As this is a simple and non destructive test meaning you’re not touching the hard drive risking further damage, it is recommended you try this first. It may sound odd but in fact memory problems can be responsible for a vast array of different errors on a system where testing your RAM might be the last thing you think of.
2. Try the Drive on Another Machine
As we’ve said, although this problem sounds like a simple hard drive issue, people around the web have reported that they have traced the problem to faulty video cards, modems, motherboards and even power supplies. The easiest way to rule out any of these is to take the hard drive out and connect it up to another machine or connect it to the same machine via external USB. If you can boot it up past the error or can access all your files without a problem, then the issue will likely be related to other hardware in your machine.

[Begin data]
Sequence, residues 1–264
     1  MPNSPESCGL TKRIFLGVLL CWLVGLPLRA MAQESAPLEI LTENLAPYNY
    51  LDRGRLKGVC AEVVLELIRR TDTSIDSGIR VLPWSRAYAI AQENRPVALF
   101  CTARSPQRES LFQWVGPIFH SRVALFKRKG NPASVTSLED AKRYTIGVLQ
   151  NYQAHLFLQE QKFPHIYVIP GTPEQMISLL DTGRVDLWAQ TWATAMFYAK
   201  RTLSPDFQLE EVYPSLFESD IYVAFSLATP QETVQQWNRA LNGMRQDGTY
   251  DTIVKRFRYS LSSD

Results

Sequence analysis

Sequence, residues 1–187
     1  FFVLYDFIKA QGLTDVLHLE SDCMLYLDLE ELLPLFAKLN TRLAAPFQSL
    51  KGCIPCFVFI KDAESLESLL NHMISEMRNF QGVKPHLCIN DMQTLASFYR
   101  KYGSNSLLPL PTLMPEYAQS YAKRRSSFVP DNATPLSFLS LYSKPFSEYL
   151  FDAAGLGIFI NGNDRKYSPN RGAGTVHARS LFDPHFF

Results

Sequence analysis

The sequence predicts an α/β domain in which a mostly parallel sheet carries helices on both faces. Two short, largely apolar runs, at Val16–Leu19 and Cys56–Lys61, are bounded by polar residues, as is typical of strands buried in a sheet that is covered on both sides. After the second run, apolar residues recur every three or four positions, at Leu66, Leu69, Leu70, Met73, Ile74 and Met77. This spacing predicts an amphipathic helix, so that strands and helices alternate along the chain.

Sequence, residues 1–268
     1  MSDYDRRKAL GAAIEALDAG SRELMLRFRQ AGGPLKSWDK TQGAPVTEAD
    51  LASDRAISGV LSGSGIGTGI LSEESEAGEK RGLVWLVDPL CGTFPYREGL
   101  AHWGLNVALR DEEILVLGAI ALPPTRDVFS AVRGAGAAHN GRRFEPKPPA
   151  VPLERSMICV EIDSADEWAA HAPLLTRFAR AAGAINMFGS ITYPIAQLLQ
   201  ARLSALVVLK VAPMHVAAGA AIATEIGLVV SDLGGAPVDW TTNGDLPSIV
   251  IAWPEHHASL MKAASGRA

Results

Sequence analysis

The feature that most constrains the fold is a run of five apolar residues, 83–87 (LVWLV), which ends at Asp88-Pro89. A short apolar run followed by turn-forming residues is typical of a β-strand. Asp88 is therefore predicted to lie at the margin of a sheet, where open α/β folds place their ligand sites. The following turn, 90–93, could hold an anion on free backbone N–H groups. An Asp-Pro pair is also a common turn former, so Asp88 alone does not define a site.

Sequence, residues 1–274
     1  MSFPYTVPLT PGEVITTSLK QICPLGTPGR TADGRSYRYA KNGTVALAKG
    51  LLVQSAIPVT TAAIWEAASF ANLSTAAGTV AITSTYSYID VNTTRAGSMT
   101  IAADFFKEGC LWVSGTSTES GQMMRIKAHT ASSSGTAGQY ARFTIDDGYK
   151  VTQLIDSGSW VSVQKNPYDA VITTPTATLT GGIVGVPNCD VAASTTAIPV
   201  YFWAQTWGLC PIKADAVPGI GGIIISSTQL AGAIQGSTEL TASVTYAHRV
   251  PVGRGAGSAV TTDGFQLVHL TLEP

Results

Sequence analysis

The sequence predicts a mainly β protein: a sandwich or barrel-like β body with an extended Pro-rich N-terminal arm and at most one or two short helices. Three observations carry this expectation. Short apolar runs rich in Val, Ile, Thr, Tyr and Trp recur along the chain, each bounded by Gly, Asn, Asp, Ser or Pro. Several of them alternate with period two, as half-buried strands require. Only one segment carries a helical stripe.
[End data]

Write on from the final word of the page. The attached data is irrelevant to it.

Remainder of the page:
Unfortunately in this case it could be down to trial and error in finding the offending piece of hardware by removing or replacing what you can, although the next possible fix is quite easy.
While the drive is connected by another method, it’s recommended to run a scan with something like HD Tune to test for any bad sectors. Whether HD Tune finds any issues or not, you should also run a “chkdsk drivename: /r” from a command prompt while you’re able to or use a portable tool to do it for you.
3. Check / Replace Cables
Although I haven’t seen SATA cables fail (but obviously they can), faulty IDE cables can sometimes cause issues such as read or write errors on hard drives as well as optical burners. If you have spare cables, you can replace them, or unplug the current cables, inspect for damage, and then reconnect them if OK. Also try different SATA or IDE ports if you can as there is a possibility of a damaged port.
If you get the disk read error after installing a new drive, make sure the hard drive is on the master connector (end of the cable) and if you can, set the hard drive jumper to master instead of cable select. Also try without a secondary (slave) device attached to the same cable if there is one.